Sony has released its financial results for the fiscal year ending June 31, 2022 (Q1 2022), and while the PlayStation 5 platform continues to gather slight momentum on a global scale, overall the brand is seeing a general decline in customer expenditure, particularly in the realm of software and subscriptions.
The mighty PS5 has now hit an impressive 21.7 million global shipments since its launch in the fall of 2020, with around 2.4 million consoles shipped in Q1. While this number is certainly nothing to be sniffed at, it reflects an increasingly granular sales growth when compared to that of the company’s previous PlayStation hardware launches. Still, the numbers are moving in the right direction, if a little more slowly than Sony had perhaps hoped.
In the realm of software, accessories, and subscriptions, however, a different tale is being told. PS4 and PS5 games sales totaled 47.1 million units this past quarter, which is down almost 17 million year-on-year. This is particularly notable given that 2022 has seen many of the industry’s biggest hitters all launched atypically earlier this year, so one would actually assume numbers would be up on previous years. 79% of all game sales were digital, an increase of 8% on the previous quarter.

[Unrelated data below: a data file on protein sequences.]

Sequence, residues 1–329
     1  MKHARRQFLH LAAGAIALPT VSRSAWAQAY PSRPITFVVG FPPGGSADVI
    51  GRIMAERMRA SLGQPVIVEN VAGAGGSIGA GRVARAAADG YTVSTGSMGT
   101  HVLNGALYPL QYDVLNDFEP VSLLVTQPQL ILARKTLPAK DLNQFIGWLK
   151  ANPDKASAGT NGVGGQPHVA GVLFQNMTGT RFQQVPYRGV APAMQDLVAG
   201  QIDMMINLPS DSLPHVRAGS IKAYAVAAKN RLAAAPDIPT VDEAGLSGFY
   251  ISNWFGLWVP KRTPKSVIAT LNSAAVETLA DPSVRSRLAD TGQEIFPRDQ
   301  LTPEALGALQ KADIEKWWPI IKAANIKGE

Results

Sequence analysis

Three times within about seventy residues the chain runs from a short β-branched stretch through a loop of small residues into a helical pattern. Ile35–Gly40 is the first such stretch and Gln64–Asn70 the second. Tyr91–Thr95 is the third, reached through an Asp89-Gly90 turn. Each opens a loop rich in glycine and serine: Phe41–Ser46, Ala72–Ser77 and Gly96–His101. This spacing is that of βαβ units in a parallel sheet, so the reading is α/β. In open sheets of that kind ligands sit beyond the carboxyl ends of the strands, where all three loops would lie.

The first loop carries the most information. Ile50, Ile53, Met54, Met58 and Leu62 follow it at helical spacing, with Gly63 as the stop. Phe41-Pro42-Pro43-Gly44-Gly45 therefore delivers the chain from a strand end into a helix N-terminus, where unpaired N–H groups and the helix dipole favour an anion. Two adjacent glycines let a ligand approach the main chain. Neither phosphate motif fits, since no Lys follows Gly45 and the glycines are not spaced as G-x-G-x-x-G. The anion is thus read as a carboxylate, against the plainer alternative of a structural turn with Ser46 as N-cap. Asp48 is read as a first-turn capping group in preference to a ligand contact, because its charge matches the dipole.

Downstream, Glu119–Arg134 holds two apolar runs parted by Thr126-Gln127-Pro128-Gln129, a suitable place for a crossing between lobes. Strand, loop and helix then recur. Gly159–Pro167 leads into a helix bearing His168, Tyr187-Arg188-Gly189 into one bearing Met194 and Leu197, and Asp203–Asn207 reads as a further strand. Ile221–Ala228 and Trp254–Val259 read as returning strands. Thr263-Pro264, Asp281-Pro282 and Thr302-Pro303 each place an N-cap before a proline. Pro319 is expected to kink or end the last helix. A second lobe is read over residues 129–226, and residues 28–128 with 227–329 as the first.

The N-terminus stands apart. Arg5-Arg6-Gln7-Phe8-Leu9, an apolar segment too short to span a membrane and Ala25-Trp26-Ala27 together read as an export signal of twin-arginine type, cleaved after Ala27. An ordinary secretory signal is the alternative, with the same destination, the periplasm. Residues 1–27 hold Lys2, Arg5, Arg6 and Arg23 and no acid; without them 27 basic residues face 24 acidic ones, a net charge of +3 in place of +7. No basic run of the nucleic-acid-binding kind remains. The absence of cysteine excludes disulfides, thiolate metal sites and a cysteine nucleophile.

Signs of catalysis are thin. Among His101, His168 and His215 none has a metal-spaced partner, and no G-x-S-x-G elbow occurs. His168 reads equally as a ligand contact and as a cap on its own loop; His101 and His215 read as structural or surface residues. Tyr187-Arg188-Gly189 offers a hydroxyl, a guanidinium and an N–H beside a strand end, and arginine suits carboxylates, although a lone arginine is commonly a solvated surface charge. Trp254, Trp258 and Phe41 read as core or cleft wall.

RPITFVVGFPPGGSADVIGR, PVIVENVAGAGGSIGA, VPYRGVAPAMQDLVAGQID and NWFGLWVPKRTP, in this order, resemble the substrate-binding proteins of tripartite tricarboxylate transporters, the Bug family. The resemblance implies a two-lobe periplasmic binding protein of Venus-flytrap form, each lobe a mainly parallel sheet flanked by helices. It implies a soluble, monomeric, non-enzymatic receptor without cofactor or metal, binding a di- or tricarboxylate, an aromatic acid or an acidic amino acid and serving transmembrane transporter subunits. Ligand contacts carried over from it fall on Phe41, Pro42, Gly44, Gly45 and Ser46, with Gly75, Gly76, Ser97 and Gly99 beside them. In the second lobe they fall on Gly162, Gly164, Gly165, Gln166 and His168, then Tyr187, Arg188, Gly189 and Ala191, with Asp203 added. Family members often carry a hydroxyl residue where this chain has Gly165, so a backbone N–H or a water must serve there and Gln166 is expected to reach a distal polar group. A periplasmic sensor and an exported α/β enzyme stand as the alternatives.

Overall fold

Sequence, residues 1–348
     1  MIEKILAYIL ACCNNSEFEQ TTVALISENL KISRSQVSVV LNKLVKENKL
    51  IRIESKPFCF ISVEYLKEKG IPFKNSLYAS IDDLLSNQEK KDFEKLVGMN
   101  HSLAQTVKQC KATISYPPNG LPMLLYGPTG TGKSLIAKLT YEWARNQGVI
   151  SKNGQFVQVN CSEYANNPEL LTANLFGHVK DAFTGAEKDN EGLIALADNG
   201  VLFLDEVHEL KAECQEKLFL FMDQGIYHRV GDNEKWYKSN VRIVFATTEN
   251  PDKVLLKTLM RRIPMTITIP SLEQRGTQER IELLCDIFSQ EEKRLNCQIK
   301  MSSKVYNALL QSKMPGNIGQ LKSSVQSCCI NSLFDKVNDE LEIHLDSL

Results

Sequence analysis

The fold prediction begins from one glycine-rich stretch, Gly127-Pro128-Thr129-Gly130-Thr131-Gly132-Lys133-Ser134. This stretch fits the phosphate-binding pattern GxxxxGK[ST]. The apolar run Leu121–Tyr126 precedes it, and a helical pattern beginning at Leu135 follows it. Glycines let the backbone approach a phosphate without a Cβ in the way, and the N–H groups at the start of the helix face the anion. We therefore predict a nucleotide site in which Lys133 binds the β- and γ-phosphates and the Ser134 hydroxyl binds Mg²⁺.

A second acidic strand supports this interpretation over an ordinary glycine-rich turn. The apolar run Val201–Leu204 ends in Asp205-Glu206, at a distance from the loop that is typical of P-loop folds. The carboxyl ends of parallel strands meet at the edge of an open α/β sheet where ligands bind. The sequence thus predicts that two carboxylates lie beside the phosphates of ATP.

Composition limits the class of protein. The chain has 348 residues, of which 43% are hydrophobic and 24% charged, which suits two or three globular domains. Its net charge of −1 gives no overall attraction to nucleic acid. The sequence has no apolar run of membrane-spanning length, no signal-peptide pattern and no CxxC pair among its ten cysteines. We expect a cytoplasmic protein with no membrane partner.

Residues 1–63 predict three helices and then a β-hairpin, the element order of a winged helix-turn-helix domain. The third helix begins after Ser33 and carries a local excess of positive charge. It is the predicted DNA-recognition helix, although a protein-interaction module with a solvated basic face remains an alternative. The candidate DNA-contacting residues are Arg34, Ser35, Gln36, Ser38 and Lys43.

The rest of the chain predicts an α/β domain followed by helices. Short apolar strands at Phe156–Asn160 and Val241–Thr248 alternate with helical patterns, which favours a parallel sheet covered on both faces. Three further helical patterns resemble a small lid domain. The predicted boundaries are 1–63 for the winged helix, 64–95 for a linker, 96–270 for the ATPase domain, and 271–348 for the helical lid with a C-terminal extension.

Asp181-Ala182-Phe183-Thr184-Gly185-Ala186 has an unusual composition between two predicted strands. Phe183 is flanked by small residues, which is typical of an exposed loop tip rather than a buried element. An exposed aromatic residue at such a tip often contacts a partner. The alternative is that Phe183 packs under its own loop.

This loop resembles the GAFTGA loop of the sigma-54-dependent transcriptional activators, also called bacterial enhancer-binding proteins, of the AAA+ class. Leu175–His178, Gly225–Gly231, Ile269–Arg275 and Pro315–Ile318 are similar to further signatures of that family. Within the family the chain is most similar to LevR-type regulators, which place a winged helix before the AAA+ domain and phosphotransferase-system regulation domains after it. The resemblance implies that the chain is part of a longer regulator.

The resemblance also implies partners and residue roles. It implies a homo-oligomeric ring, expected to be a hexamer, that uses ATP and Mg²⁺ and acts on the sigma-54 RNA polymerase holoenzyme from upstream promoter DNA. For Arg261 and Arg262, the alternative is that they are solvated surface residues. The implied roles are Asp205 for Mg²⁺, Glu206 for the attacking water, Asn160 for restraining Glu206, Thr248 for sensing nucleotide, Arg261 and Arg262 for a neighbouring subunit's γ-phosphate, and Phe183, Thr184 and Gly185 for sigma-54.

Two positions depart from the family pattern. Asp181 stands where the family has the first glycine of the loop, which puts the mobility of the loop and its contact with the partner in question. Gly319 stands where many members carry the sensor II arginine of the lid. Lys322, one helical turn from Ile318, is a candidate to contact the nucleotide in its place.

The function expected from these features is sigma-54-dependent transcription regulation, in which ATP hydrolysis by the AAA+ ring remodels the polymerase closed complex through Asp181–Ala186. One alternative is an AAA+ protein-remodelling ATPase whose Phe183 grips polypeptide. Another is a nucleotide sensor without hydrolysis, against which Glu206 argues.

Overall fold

PlayStation is still attempting to claw back lost subscribers to its popular PlayStation Plus service. The last quarter of 2021 saw the service decline in users for the first time in many years, and while the latest quarter did not quite recover, it has seen something of an increase, now standing at around 47.3 million users. Of course, SIE has just launched its revamped PlayStation Plus service, so it will be interesting to see how this affects the user base for the next quarter.
Overall, this is no sign whatsoever that PlayStation is in any sort of danger — we’re still talking a revenue of millions upon millions — but it is a sign that the latest generation of gaming continues in its struggle to find a solid foothold. The ongoing COVID-19 pandemic, an increased cost of living, scalpers, production woes, component shortages, and general human apathy all play a role in the gaming industry’s continued malaise — one that is affecting developers, publishers, and manufacturers.